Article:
You can do AVR programming using USB-TTL adapters. This relies on bit-banging, i.e. emulating the programming protocol by using the serial control lines as general purpose IO.
But this has a few caveats:
- USB-TTL adapters limit the speed of control line changes. So the programming will be very slow, taking several minutes.
- You need to have the RTS, DTR and CTS lines available on the USB-TTL adapter. Many of the cheap adapters do not have these signals available on pins, though you could solder to the chip directly.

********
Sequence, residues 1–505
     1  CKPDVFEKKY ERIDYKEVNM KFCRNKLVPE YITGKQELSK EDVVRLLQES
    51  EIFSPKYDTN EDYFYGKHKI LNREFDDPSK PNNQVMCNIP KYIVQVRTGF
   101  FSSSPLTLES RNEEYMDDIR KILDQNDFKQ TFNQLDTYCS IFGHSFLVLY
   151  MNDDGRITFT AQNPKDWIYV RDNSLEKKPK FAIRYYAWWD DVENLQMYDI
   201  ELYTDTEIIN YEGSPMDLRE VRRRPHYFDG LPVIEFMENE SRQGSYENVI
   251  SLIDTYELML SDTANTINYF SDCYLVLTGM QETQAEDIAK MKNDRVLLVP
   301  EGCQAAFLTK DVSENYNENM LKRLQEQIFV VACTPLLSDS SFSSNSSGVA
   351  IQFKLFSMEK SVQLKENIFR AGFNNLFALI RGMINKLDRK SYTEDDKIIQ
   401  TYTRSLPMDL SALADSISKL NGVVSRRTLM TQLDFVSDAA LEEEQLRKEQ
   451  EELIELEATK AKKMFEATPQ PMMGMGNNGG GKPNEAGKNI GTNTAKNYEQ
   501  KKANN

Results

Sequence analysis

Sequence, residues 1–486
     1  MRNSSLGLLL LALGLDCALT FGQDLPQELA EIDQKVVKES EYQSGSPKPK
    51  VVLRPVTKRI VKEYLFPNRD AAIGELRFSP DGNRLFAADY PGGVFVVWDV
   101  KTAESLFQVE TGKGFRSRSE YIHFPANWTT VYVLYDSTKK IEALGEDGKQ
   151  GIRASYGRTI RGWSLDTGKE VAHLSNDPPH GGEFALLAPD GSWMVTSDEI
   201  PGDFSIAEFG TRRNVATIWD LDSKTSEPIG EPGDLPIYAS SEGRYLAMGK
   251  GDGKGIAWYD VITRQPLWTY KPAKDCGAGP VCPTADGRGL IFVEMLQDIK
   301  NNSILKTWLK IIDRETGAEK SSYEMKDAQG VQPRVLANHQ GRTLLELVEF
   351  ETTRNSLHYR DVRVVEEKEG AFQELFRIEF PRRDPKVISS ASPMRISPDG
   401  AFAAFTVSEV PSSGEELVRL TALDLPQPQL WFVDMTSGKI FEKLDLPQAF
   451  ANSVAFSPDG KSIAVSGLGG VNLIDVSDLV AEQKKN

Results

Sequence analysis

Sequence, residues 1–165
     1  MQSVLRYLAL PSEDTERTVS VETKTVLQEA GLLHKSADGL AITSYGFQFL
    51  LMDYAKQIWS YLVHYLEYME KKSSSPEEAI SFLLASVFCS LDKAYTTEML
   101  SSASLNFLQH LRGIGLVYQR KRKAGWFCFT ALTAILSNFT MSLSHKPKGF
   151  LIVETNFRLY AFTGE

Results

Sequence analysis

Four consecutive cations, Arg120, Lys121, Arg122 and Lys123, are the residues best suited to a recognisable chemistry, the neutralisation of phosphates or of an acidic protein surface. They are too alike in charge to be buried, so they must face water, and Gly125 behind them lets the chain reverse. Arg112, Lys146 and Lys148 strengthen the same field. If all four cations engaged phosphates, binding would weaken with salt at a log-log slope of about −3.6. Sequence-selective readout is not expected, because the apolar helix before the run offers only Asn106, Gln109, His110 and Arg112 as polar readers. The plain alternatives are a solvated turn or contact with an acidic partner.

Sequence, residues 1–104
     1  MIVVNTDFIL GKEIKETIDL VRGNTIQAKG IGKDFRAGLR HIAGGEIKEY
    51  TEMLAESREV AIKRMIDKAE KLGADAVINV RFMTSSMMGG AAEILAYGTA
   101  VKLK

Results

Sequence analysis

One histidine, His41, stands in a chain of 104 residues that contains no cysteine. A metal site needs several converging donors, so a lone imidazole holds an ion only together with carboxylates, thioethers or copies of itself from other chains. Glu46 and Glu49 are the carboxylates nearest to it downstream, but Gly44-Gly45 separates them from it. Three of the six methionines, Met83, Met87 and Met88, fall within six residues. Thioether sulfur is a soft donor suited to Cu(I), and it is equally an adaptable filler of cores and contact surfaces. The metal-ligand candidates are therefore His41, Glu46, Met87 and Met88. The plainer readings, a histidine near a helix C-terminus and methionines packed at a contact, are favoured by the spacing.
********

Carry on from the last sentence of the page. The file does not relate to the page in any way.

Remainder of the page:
If those two are in order, go ahead and install avrdude, take one of the serial port bitbang (
serbb driver) example files and configure it with information on which serial adapter pins you've connected to the AVR chip. Then give
-i 1000 or similar delay value to
avrdude to slow it down enough to work over the USB interface.
There is a blog post about doing it with PL2303 based adapter, but the technique should work on other USB-TTL adapters also.